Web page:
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Karloff: Criminal Kind DVD

SKU ID #441427

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  • Technical Specs
  • Format: DVD - Boxed Set
  • Rating: Not Rated
  • Number of Discs: 3
  • Run Time: 247 Minutes
  • Region: 1 Region?
  • Aspect Ratio: Widescreen
  • Studio: Sony Pictures
  • DVD Release Date: April 15, 2013
  • Audio: ENGLISH: Stereo
  • Color: Black & White
  • Includes:

    Digital Bonus Features on the DVD Include:
    • Introduction by Robert Osborne
    • Digital Image Gallery
      - Lobby Cards
      - Publicity Still(s)
      - Movie Poster(s)
      - Scene Still(s)
      - TCMDb Article
Turner Classic Movies and Sony Pictures Home Entertainment proudly present Karloff Criminal Kind, a new collection of three atmospheric crime thrillers that showcase Boris Karloff’s intensity and depth as a dramatic actor. Presented for the first time on DVD, these three films have been fully restored and re-mastered.

After playing bit parts and extras in over 60 films, Karloff finally got his big break by reprising his theatrical role as a prison trustee with an unforgiving sense of justice in this early example of the “prison film.” Director Howard Hawks (1932’s Scarface, 1946’s The Big Sleep) consulted actual Death Row inmates on how the picture should end—with a chilling climax that would etch Karloff in the minds of moviegoers as a doer of evil deeds. This was the first feature film of 1931 for Karloff, a year in which he would appear in sixteen movies including the picture that launched him to stardom, Frankenstein.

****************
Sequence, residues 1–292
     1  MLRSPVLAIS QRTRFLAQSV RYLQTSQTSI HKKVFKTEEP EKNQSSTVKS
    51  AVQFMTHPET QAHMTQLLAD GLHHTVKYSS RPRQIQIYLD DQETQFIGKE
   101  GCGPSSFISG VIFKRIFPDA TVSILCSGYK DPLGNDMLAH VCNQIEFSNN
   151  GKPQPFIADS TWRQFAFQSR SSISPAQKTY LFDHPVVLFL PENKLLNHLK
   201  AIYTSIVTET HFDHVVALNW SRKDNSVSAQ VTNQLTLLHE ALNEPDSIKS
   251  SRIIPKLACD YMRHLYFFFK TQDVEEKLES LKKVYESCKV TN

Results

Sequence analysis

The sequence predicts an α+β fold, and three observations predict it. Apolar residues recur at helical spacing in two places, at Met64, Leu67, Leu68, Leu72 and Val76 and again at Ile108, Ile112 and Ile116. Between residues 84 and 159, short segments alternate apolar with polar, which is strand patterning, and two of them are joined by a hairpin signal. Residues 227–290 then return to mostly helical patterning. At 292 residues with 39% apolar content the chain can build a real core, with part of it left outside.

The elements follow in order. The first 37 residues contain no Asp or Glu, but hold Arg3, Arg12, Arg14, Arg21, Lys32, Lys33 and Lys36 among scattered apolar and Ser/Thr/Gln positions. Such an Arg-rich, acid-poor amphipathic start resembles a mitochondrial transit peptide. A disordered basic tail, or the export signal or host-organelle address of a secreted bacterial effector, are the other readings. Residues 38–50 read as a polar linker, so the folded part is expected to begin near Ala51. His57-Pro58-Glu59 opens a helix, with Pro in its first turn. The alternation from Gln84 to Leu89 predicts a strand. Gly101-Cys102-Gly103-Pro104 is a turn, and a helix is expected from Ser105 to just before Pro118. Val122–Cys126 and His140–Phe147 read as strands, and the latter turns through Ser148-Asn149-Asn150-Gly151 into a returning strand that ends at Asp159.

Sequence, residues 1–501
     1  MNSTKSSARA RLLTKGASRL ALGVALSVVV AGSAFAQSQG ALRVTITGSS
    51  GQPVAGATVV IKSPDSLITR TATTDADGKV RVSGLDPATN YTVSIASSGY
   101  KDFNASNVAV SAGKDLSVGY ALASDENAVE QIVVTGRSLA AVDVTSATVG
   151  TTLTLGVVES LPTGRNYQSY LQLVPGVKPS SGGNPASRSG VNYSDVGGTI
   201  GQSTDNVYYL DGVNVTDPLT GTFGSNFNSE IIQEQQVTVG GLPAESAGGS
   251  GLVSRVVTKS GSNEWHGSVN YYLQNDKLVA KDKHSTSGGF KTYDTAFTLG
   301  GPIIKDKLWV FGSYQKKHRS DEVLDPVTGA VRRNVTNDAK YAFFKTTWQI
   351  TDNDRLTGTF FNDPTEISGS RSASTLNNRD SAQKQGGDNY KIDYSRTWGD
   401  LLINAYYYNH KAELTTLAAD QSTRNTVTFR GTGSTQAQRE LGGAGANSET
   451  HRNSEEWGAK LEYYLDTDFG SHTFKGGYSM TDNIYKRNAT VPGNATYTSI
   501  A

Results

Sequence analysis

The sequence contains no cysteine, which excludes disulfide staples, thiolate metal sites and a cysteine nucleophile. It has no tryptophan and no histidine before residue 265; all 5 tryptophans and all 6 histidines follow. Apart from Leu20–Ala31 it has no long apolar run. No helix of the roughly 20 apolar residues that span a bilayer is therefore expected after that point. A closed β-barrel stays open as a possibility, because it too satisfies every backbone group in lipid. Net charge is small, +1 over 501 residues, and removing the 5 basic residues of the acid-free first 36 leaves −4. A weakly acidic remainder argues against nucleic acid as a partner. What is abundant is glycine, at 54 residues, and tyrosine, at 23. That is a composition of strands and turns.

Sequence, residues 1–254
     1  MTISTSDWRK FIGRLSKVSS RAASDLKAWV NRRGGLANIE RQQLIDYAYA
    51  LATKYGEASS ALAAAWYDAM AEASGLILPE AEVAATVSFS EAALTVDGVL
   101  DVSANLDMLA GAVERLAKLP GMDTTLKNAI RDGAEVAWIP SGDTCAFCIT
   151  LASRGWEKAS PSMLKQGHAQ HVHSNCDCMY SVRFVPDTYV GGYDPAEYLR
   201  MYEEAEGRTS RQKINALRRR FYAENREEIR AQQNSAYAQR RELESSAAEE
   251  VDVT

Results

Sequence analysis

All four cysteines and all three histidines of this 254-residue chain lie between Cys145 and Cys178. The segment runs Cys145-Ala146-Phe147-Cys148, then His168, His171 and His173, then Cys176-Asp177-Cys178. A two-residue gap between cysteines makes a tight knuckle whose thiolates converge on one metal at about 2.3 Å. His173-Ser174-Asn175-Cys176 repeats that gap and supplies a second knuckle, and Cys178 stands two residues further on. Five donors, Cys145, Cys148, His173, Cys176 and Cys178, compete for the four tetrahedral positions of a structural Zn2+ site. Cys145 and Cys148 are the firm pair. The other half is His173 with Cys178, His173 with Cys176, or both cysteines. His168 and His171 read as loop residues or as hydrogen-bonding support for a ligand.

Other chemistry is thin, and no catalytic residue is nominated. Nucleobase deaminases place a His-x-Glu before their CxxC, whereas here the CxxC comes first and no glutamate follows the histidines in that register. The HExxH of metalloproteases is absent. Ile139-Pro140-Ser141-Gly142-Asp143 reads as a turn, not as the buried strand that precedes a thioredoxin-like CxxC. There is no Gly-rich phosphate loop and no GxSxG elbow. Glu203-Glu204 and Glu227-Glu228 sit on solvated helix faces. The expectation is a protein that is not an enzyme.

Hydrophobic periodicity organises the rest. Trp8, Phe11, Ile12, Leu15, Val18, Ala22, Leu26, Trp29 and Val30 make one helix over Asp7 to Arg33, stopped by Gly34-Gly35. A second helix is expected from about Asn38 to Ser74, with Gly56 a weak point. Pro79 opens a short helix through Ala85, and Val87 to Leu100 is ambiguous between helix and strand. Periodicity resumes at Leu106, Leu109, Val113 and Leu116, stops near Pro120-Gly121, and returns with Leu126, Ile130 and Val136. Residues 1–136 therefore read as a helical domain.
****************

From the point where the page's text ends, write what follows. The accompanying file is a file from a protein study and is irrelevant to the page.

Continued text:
Karloff is Tony Ricca, a notorious bootlegger locked in a mortal struggle with former ally Mike Palermo (Leo Carillo)—even as their children fall in love. This Prohibition-era twist on “Romeo and Juliet,” featuring up-and-comer Robert Young as Karloff’s son Marco and Constance Cummings as the young Maria Palermo, reflected a turn in the tide of public opinion against mobsters, who had long been glamorized in the movies. With photography by four-time Academy Award® nominated special effects designer, director and cinematographer Byron Haskin (1939’s The Roaring Twenties, 1953’s The War of the Worlds), the film paints a tense portrait of crime during the Great Depression.

In production as Frankenstein (1931) was being shipped to cinemas, and released in February of 1932, BEHIND THE MASK would try to take advantage of the former film’s success by promoting itself as a quasi-horror film, with Karloff’s mug plastered on posters that asked “Who is the murdering monster?” In reality, it is a pure pulp fiction romp by veteran pre-Code drama director John Frances Dillon (1929’s Fast Life, 1931’s Millie)—a complicated but addictive tale of a secret service agent (Jack Holt) who infiltrates a gang of drug smugglers to bring down its ringleader, the elusive Dr. X, and his henchman Henderson (Karloff).